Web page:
- IGF-1: 152ng/mL (Z-Score 0.0)
- GH: 0.3ng/mL
Needless to say, we were intrigued but disappointed by the numerical results, but definitely pleased by the actual results given the lifts. Note that both of the numbers were within normal ranges for the age, although below average per the Brazilian study. However, the Z-Scores indicate that he started off above average and then went back down to just an average score — all easily possible within the day’s pulses.
If there was a long-term biological effect for from Bio-Gro, it at least could not be determined by blood levels of IGF-1. Interestingly, his GH went up, still well within regular ranges, but a number that you see fewer people posting online.
Shoulda woulda coulda
In a perfect world, we’d have done at least a few more blood draws:
- At the two week mark, at the height of his sexual “surge”
An IGF-1 measurement taken ~30 minutes after one of the fasted draws, where we take ~3 scoops of Bio-Gro “to the dome” immediately after the first blood draw.
This would help determine if there is a short-term IGF-1 boost, which could mean that it’s most effective as a post-workout recovery supplement.
The same exact tests with standard colostrum powder
Since this is a study of one, we cannot truly learn anything except that Bio-Gro does not really have a massive impact on our IGF-1 levels. Yet it’s an interesting data point to have, and one more data point on the whole controversy than we had a month ago.
At this point, we have to wonder why iSatori is citing sources regarding injectable IGF-1 in rats when we are yet to see that it’s even that bioavailable. After all, if it was, wouldn’t all of those IGF-1 sprays be the hottest supplements in town?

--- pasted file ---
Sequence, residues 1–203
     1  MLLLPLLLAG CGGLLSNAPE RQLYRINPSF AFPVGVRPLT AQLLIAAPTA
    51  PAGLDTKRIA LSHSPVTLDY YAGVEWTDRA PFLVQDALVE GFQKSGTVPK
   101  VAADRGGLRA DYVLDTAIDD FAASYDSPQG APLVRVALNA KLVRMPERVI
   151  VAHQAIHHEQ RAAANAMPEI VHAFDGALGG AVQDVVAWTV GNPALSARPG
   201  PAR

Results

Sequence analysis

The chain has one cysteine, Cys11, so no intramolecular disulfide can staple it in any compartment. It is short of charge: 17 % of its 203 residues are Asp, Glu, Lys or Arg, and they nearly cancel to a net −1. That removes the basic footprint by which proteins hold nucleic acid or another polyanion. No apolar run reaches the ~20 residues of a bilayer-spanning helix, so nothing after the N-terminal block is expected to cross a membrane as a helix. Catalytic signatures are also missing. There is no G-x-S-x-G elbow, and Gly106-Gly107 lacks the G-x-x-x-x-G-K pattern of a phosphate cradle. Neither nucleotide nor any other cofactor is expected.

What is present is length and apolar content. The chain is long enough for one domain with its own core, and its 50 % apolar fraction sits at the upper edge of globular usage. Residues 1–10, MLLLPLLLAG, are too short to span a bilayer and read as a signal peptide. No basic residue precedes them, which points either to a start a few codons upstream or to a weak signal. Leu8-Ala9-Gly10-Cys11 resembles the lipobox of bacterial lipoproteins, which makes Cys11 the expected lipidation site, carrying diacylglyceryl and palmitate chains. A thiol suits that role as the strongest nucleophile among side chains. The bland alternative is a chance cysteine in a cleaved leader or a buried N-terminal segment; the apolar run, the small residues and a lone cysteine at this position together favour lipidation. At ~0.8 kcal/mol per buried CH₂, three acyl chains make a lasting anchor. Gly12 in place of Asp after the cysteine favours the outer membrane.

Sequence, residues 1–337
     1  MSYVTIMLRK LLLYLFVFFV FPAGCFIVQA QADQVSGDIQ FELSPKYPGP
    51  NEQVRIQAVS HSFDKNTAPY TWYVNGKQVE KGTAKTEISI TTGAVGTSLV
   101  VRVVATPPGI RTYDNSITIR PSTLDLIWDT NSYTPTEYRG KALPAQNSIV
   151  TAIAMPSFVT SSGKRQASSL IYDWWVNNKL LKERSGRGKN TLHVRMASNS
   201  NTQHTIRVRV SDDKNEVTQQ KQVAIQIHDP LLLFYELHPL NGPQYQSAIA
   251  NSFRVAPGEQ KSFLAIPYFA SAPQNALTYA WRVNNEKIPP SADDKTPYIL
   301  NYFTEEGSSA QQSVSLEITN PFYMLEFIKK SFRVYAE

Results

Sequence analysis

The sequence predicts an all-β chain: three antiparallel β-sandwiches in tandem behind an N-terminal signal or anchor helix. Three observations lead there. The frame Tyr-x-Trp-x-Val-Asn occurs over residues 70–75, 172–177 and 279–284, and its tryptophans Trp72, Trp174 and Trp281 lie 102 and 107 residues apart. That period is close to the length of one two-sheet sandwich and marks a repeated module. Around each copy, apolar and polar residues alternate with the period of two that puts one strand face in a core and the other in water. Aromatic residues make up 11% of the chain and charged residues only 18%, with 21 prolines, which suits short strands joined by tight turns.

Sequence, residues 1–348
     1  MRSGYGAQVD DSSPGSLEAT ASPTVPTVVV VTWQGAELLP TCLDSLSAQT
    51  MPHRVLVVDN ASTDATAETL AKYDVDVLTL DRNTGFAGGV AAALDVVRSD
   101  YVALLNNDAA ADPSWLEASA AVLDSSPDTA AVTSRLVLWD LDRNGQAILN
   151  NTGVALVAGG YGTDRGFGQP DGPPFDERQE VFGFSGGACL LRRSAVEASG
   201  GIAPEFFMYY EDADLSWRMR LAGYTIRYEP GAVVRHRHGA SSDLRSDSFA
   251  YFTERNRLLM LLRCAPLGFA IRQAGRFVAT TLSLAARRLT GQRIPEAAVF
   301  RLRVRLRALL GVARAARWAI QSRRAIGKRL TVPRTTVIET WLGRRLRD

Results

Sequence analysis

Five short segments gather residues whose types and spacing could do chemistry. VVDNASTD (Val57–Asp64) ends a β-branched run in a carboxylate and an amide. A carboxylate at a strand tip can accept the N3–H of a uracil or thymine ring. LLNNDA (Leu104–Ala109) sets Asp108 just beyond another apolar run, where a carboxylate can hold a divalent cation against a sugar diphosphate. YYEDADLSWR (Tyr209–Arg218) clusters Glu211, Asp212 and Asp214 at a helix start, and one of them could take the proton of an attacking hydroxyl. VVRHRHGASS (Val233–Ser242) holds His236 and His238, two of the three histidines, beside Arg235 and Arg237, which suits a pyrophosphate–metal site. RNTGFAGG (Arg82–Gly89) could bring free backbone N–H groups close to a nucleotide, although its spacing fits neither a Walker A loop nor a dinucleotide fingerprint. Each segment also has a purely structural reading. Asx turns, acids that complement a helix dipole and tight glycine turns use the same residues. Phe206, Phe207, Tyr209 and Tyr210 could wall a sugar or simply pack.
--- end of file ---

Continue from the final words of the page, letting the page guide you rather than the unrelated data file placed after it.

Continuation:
We also now have to further wonder if raw colostrum is better than Bio-Gro, since Bio-Gro seems to have been extracted for something that very possibly isn’t orally bioavailable, and maybe they removed something really good from the colostrum to get there.
Unfortunately, this review fails in that it leaves us with more questions than we originally started with.
Further unfortunately, we’re left in the same exact place where we started regarding our recommendation on whether or not to buy Bio-Gro: “It could be good, but it’s probably a second- or third-tier supplement that’s best suited to those with a big budget – not the poor college student budget”.
We look forward to iSatori’s further results-based research, and will continue to refine our blood testing program. Next up… a natural testosterone booster?!